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We are happy to share an exclusive excerpt from Jumoke Verissimo’s A Small Silence, which comes out on July 30.  The novel tells an unusual story, one that readers will find delightfully surprising. Every day at 9 pm, a young woman named Desire visits an ex-prisoner named Prof. in his dark apartment (he likes the light switched off), and they talk. Over the weeks, all kinds of emotional intensities build up around the two and begin to affect other aspects of their separate lives. Intriguing, right?

The story is set in Lagos in the 2000s and captures attempts by regular Nigerians to pick up the pieces after the ruins left behind by General Sani Abacha’s regime. The publisher Cassava Republic describes the book as ” an intimate and evocative debut [that] charges us to look again at the alienating effects of trauma and the power of solitude and darkness to ignite the imagination.”

You might know Verissimo as a poet. Yes, she is a poet of considerable acclaim. Her poetry collections have been published in many different languages. This is her debut novel.

A Small Silence is a gorgeous book. The story itself is cute and sad all at the same time. In this excerpt, Desire is finding out for the first time that Prof. has been released from Prison.

Enjoy! And pre-order A Small Silence here or here.


Desire focused on the pages of the newspaper, flipping slowly, despite her racing heart, until she got to the page with Prof’s story. She raised her head and was going to ask if she could keep the newspaper but Remilekun was off again.

‘Do you remember Toks, that guy with the cute rabbit teeth? I saw him yesterday at the party.’

‘Mmm?’ Desire nodded so Remilkun would just get to the point. She however noted that her infatuation and the major reason she made them move to Abesan Estate was no longer Mr. Longface, but now the one with the “teeth like rabbit” and Remilekun seemed eager to talk about it.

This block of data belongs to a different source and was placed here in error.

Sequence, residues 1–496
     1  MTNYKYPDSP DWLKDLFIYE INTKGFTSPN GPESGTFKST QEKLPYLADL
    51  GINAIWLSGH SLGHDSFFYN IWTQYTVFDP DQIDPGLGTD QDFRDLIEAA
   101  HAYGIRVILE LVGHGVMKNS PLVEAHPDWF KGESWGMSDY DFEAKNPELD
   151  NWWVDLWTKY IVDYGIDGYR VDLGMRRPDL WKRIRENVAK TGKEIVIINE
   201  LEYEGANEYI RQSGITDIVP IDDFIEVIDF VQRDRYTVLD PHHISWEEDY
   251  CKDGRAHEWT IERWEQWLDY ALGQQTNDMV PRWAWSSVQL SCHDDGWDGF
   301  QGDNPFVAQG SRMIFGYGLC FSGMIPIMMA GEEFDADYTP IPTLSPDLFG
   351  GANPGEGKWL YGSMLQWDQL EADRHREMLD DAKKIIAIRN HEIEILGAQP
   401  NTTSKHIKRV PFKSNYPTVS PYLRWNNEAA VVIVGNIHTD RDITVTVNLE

‘We talked a lot! I didn’t even know he was so much fun to talk to.’

On another occasion, Desire might have poked fun at the rabbit teeth and what was cute about them, but this time she was eager to hear about Prof.

‘Mmm,’ she grunted.

‘He has his own clothing line and he said he’s travelling to London this summer to see about a new business he is thinking about.’


Remilekun realised she was losing her audience, so she returned to Prof’s story.

‘Toks gave me the newspaper. The party was at his father’s house in V.I. From what Toks told me, people are saying the professor is not normal again-o. They say he lives on cockroaches and insects. He only goes out at night and things like that. A lot of this and that, like, they’ve heard screams inside the house. Maybe, he eats people that go to his doorstep or something. I don’t believe that one, sha.’

‘You really shouldn’t believe anyone would be capable of eating someone in a community like this. Not in this twenty- first century. How did your friend know?’

‘He is a big boy now. Everybody knows he is a rich boy who is living in this area, for whatever reason. People would want him “to drop something”. So, to get money from him, they’ll feed him stories about the area, even when he doesn’t want to hear them.’